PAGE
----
HC Deb 16 November 1944 vol 404 cc2112-5
49. Sir Edward Grigg

asked the Prime Minister if he can make a statement about the continuance of controls after the end of the German war.

The Prime Minister

As the answer to this Question is rather long I will, with permission, make a statement at the end of Questions.


The Prime Minister

It is not possible to look beyond the end of the Japanese war, and my reply relates to the period between the defeat of Germany and the defeat of Japan. Until Japan has been defeated the war must have first call on our efforts. After the defeat of Germany it will be possible and necessary to turn ever an increasing part of our resources to civilian production. Thus we must make exertions to restore our export trade and to re-equip our industry. The shortage of houses, both permanent and emergency must be grappled with as if it were a war-time measure. Active steps must be taken to relieve the shortage of civilian goods.

As stated in the White Paper to be published to-day, the existing system of allocating man-power to the Forces and to the various industries will be maintained. Nevertheless, it is intended to mitigate so far as possible the rigidity of the existing controls over labour. Many of the war-time controls over raw materials, industrial capacity, agriculture, food, transport and so forth will likewise be as necessary in this period as they are to-day. In these fields also, relaxations will be possible and will be made whenever circumstances permit and in an orderly manner. Any other course would result in violent disturbances which might well lead to inflation; would be harmful to the economic life of the country; and would make it impossible to ensure that the Nation's resources are devoted to essential needs, and are fairly distributed during periods in which demand will still be without any economic relation to supply.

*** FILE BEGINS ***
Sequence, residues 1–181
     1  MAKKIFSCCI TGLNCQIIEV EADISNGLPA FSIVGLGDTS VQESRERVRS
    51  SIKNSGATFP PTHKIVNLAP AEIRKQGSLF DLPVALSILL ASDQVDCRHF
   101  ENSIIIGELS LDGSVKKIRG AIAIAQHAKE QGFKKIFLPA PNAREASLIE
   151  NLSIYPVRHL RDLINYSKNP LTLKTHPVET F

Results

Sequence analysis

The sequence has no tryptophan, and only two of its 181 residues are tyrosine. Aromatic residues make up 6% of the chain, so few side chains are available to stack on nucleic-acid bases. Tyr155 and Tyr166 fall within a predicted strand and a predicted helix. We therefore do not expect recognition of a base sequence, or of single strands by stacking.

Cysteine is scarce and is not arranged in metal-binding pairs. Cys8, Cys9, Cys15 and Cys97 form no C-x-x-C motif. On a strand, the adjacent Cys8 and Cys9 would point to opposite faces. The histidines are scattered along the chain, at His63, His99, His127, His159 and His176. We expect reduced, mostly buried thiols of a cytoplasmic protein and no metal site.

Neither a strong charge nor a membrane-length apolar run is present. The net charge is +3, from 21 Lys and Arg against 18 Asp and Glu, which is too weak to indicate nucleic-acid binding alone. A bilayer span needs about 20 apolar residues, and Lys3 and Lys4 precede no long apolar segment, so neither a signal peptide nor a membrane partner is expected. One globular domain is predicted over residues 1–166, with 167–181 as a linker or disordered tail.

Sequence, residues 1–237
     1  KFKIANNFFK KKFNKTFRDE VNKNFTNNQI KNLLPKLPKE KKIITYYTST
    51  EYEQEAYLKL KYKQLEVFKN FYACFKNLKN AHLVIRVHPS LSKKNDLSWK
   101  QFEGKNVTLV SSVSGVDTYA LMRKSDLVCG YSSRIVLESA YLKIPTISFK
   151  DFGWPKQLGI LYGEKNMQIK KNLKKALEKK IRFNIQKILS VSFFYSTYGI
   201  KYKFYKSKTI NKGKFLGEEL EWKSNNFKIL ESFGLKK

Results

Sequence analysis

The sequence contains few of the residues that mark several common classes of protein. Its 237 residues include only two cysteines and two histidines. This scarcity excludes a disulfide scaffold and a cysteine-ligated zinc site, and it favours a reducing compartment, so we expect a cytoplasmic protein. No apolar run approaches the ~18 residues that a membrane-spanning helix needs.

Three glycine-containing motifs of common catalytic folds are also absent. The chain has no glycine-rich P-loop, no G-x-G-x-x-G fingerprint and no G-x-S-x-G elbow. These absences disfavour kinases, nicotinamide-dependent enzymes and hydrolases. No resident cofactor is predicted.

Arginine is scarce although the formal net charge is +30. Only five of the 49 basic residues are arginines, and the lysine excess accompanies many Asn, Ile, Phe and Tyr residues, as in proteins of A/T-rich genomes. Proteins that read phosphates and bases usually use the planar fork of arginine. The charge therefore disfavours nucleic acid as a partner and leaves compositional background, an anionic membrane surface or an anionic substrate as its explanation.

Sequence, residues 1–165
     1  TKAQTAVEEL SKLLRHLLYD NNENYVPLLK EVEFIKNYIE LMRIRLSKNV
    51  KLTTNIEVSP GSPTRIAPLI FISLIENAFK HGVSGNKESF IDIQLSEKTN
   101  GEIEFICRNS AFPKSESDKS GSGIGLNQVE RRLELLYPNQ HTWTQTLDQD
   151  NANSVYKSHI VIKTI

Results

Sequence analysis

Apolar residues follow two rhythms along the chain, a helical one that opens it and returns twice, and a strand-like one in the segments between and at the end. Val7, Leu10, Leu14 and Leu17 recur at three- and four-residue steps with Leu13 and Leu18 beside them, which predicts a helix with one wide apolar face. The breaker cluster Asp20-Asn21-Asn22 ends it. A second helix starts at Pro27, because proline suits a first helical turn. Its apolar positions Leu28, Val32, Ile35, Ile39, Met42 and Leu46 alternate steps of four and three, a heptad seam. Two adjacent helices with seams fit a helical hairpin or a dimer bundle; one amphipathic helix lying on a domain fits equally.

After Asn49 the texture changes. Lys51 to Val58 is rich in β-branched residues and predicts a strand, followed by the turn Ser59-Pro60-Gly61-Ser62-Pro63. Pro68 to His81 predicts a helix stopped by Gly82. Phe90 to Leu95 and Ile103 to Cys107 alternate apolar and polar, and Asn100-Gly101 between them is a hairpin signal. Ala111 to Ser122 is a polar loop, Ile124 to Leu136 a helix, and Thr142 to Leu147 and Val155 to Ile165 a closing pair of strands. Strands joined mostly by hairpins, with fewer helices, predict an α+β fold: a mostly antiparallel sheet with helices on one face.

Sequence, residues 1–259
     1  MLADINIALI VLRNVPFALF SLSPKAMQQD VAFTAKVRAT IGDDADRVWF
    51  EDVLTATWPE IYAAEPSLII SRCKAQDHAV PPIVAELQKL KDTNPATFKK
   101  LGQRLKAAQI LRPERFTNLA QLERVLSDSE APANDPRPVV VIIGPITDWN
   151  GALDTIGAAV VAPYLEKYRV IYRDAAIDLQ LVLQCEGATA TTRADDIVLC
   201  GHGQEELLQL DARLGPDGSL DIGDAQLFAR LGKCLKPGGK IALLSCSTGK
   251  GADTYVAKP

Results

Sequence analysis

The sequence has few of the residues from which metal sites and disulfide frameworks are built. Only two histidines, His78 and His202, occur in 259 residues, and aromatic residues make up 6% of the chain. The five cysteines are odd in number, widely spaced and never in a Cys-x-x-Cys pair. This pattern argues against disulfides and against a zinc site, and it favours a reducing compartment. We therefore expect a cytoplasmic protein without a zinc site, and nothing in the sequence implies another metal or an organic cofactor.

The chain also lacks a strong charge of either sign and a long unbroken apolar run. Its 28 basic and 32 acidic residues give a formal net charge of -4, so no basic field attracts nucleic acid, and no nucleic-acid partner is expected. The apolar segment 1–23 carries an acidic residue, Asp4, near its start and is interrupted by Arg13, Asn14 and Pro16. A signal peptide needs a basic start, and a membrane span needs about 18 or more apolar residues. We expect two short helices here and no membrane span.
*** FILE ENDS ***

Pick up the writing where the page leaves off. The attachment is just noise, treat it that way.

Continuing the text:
It is too early to forecast the stages by which control will be relaxed. But the House can rest assured that the whole matter will be dealt with in a severely practical manner, each case being considered not only on its merits but as part of an organised scheme. It is important in this phase that theoretical, ideological or partisan tendencies either way should be excluded, and the governing consideration in every case should be the public interest.

Sir I. Albery

Arising from the statement which the Prime Minister has just made, has he anything further to say about the restoration of the protection of the liberty of the individual?

The Prime Minister

That is a matter which might more properly be addressed, in the first instance, to the Home Secretary, but it is, of course, a matter which will be continually under review, as the danger of the proximity of war recedes from our shores.

Sir E. Grigg

May I thank my right hon. Friend for his reply, and assure him that its general purport will give widespread satisfaction?

Mr. George Griffiths

The hon. Member has not understood it properly.

Viscountess Astor

Will the Prime Minister assure the people of the country that houses will come ahead even of beer?

The Prime Minister

Yes, Sir, certainly if it were proved that one necessarily excluded the other.

Captain Cobb

The Prime Minister has referred to the need for grappling with the housing situation. Could he give an assurance that we shall have at least one day before Christmas, in order to discuss the housing situation generally?

The Prime Minister

I certainly feel that there is a great deal of need for discussion, but the Debate on the Address may furnish an opportunity. We have only a certain amount of time between the date on which we meet again after the impending short interlude, and Christmas, and all those days can be devoted either to the Address, or to other special points. There are only so many days available, but I should certainly think that housing would stand high in that category.

Mr. Woodburn

Is it not more necessary that we should stop discussing, and get on with the legislation to get the job done?

The Prime Minister

We cannot have any new legislation before Christmas, but I certainly agree about the urgency of getting the job done. It is only that Parliament likes to take a hand in these matters, and very often gives a very valuable driving impulse, which the Government welcome.

Captain Peter Macdonald

Is the Prime Minister aware that there is considerable feeling that undue restriction is being placed upon our export industries in this country, in making personal contacts abroad? Will he, having regard, of course, to the needs of housing and other matters, see that these restrictions are mitigated in some way, in order that exporters from this country will have an opportunity of making personal contacts abroad with a view to securing export trade?

The Prime Minister

Yes, Sir, I certainly endorse the spirit of my hon. and gallant Friend's remarks.